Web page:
It's hard to believe that it will be 50 years on Oct. 11 that TV viewers had their first glimpse of The Twilight Zone episode "Nightmare at 20,000 Feet."
We are reminded of this because it was revealed this weekend that actress Christine White, the woman who played the wife of freaking-out airplane passenger Robert Wilson -- played by William Shatner -- died April 14.
White was 86 and died in a nursing home in Washington. We don't know why the announcement was delayed but it's notable that she didn't have a big career but was defined by that one role. She did other TV shows but will be remembered for that role.
Those that remember that episode can remember the absolute terror it inspired.
In a nutshell, Robert Wilson, a salesman, had just been released from a sanitarium. Six months earlier, he had suffered a mental breakdown -- on an airplane.
Shatner, who most of you only know as Capt. Kirk from Star Trek or the Priceline guy, went from anxiety to near madness as he tries to warn other passengers about the "gremlin" he sees tampering with the airplane's left wing, a gremlin that only he can see.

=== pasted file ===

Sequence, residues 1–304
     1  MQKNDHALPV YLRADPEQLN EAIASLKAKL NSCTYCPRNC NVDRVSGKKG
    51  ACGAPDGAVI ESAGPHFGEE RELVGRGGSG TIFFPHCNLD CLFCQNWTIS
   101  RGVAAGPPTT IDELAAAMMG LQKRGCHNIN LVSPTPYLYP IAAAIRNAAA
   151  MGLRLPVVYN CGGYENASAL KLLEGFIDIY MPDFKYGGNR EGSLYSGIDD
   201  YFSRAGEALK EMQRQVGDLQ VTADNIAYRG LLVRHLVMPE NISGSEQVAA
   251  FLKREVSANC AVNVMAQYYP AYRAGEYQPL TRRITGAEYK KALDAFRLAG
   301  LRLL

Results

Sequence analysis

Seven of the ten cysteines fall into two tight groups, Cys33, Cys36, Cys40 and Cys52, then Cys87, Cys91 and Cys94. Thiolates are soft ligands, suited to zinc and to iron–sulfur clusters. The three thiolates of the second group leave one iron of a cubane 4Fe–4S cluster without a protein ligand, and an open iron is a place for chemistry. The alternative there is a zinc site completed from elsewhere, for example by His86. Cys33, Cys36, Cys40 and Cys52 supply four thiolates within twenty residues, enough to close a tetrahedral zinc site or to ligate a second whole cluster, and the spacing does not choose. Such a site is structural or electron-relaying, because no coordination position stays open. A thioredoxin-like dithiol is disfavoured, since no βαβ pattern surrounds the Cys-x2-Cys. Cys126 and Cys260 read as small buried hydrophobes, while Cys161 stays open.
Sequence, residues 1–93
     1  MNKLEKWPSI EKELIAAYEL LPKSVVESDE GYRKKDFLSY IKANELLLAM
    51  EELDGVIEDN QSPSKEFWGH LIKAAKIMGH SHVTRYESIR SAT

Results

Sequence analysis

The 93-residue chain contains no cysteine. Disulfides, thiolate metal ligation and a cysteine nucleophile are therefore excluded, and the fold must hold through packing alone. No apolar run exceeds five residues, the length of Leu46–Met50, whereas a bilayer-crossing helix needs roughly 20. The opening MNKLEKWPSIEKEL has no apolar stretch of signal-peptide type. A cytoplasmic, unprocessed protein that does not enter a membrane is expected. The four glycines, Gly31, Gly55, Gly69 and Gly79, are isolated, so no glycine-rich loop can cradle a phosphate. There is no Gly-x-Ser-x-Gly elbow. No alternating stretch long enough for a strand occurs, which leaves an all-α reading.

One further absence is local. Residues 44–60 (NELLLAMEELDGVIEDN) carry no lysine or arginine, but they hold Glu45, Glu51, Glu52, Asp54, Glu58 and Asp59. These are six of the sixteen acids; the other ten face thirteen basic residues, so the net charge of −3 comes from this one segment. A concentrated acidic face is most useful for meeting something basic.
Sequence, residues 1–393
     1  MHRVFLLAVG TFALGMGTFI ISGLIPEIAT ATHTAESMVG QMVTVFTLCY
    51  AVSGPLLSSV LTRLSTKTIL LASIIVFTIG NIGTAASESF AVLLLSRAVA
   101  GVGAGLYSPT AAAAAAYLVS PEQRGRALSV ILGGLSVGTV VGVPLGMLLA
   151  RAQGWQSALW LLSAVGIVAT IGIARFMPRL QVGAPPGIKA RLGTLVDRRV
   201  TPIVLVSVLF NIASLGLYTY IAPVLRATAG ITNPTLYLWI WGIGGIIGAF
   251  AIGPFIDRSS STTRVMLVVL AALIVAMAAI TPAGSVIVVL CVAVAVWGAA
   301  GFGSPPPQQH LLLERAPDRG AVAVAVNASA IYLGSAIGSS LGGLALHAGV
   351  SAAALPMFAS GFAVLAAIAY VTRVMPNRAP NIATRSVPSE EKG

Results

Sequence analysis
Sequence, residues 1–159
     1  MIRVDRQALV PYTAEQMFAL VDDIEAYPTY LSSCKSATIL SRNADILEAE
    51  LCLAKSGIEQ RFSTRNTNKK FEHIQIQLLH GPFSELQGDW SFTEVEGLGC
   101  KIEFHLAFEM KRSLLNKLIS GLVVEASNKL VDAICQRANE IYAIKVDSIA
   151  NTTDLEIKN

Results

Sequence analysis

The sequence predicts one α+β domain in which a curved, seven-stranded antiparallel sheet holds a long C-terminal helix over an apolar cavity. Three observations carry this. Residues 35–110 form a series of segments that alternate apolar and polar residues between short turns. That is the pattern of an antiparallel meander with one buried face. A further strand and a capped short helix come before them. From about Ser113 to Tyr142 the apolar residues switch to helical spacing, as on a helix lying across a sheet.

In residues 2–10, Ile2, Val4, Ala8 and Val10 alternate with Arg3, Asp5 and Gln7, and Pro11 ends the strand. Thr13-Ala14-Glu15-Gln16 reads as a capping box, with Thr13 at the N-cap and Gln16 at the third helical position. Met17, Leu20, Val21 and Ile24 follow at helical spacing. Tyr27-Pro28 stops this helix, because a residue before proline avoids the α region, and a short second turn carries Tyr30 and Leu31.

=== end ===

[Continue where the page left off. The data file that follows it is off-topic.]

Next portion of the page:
His wife, Julia, tries to keep her composure as her husband becomes increasingly terrified. Now remember, this episode in Season 5 was only 25 minutes long but it scared the heck out of people for months.
It became one of the most-remembered episodes of The Twilight Zone, Rod Serling's creepy/intellectual series that scared us with weird episodes on a weekly basis.
But I digress.
White takes a sleeping pill to doze during the flight but Shatner keeps her awake. At one point he begs her to tell the flight crew what he is seeing, even though when she looks out or others do, the gremlin is nowhere in sight.
Why? Because the gremlin moves out of sight when anyone other than Shatner looks out.
After repeated attempts to warn the crew, Bob is desperate, steals a sleeping police officer's revolver, and opens the window marked "Auxiliary Exit" to shoot the gremlin, succeeding despite the fact that he is nearly blown out of the plane himself.
Once the plane lands, Bob is taken away in a straitjacket, as everyone believes that he has gone insane.
But that's not the end. The episode's narrator, Serling himself, tells viewers that Bob's stay will be short-lived, and the final shot of the episode reveals why -- the gremlin has left evidence of Bob's story in the form of the damaged wing.
Yes, I know there are scary movies and scary TV shows but you have to understand that, back in the early 60s, the only scary stuff we saw were movies in the movie theaters.
The Twilight Zone was "must see TV" every week before there was even a tagline like that.